Story by Riley Haun
Virginia McConnell has lived many lives in the course of just one. Before she began a career in teaching, exploring the written lives of classic works of literature alongside college students and high schoolers, she practiced law in San Francisco for several years.
That was the 70s, and undoubtedly, McConnell could write a book on those years alone. But she’d actually been envisioning a far less freewheeling life - she’d spent eight years in a convent near her hometown of Syracuse, New York, studying for a college degree and teaching high schoolers while preparing for her vocation as a Catholic nun.
McConnell left the convent just before the time came to take her final vows, but she took with her a love for research that carried her through all her career paths and a deeply-held faith that she was destined to write books of her own someday.
McConnell has always felt drawn to lives lived long ago. She is a true crime writer having published five books exploring murders, love affairs, and courtroom dramas through the eyes of the ordinary people. Her immersion into research often left her feeling like she is “spying into the past.”
“These people probably felt they were going to keep these secrets forever and ever and ever, that they’d die with them,” McConnell said. “But in the framework of this murder that was committed, everything comes out. They weren’t thinking about what people would think of them 100 years from now, but we can get this clear picture of who they were and how they would have lived.”
Using court documents, contemporary news clippings and insights from living descendants, McConnell is able to piece together vivid portraits of scheming young wives in Gilded Age Kansas and fabulously wealthy heirs dying young in 1920s Chicago. Her nose for research has led her into genealogical archives and dusty census records in pursuit of long-forgotten facts, and her lifelong love of reading and classic literature allows her to compellingly reconstruct the minute details and interactions that no one thought would be relevant in their day - until they led to something scandalous.
“Sometimes not even their grandchildren have any idea what stories were hiding in their family’s past,” McConnell said. “But the thing about these small towns where my books have often taken place is that something always makes its way out in a rumor.”
After she spent a few years practicing law in San Francisco, McConnell found herself looking for a small town of her own to call home. She first moved to Sacramento, where she returned to teaching high school English as she had back in New York, but she knew she wanted somewhere more rural, more wild and Western. When an opportunity to teach literature at Walla Walla Community College’s campus in Clarkston presented itself, she jumped.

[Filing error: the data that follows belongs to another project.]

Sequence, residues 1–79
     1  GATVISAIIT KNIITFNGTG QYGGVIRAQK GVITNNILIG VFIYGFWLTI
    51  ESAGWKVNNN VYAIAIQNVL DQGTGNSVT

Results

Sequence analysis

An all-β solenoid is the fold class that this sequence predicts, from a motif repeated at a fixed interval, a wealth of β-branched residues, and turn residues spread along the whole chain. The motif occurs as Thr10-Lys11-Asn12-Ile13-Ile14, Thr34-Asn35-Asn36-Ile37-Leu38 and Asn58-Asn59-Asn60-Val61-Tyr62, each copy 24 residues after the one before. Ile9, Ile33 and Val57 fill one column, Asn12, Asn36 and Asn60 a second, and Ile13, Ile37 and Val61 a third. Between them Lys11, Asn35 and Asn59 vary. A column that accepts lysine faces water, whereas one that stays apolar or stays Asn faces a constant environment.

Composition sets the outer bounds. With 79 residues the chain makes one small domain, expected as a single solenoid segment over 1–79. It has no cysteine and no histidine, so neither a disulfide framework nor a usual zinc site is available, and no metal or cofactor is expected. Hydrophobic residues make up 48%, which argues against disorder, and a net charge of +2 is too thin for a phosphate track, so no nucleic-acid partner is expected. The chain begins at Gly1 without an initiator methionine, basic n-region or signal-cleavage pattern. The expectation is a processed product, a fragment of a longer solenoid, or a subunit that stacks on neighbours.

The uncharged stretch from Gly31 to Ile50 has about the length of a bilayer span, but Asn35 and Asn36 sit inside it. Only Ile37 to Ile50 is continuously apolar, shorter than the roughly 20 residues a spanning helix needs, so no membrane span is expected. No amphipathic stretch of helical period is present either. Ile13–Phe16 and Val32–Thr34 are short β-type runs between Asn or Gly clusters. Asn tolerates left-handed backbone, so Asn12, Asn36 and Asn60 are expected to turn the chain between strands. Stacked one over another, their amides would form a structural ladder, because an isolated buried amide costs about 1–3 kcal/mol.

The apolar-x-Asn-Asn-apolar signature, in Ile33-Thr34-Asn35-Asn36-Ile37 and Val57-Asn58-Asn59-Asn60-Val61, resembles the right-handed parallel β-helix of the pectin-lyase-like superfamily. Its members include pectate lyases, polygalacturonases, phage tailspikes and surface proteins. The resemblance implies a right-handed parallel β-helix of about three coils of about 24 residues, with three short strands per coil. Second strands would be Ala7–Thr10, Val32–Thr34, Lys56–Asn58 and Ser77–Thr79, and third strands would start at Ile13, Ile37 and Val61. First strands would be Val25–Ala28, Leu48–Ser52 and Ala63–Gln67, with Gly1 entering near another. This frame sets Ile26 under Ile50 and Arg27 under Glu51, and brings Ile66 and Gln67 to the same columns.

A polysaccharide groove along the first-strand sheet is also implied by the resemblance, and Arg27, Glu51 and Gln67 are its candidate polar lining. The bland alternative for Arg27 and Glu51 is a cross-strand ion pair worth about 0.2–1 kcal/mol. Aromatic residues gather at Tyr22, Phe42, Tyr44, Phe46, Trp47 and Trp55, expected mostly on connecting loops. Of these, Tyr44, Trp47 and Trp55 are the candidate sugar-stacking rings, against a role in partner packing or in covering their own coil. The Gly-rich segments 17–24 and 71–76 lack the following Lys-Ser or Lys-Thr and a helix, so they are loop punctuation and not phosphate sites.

“When I got the job, I asked if I had to live in Washington or if I could look for a place to live out in Idaho,” McConnell remembers. “They laughed at me for that one, told me ‘Sure you can, but why would you want to?’ But I knew Idaho would be the place I needed to be.”
McConnell found 30 acres of property to call home outside of Troy, where she still lives today. Over the course of her career as a professor, she spent summer breaks and idle hours digging through archives in search of the juiciest secrets for whichever book she was writing at the time. In those days, that often meant hours hunched over microfilm newsprint at the library and requesting census records by letter, and leads often led to dead ends. Her goal was to research and tell the stories no one else ever had - no writing about Lizzie Borden or Jack the Ripper for her.
Now retired from teaching, McConnell spends much of her time reading, enjoying the abundant wildlife surrounding her property and relaxing with her golden lab, Charlie. She doesn’t have any concrete plans for another full-length true crime book just yet, but she hasn’t shaken the research bug by a long shot. Her archival-digging skills are put to good use in her volunteer work with the Juliaetta-Kendrick Heritage Foundation’s research projects, for which she’s helped compile research and write stories on small-town scandals and historical happenings long forgotten by locals.
There’s always so much insight to be found from reading between the lines of an otherwise dull-seeming news report when it comes to town gossip and rumor, McConnell says, and frequently, what she finds proves to her that people have always been the same all over.
“You find all these parallels of teenage rebellion, of normal people being driven to do extraordinary things, acting out of desperation, same as they do today and all throughout history,” McConnell said. “And I think that’s what’s so compelling about looking into the past a little deeper - it’s never what the overarching narrative would tell you.”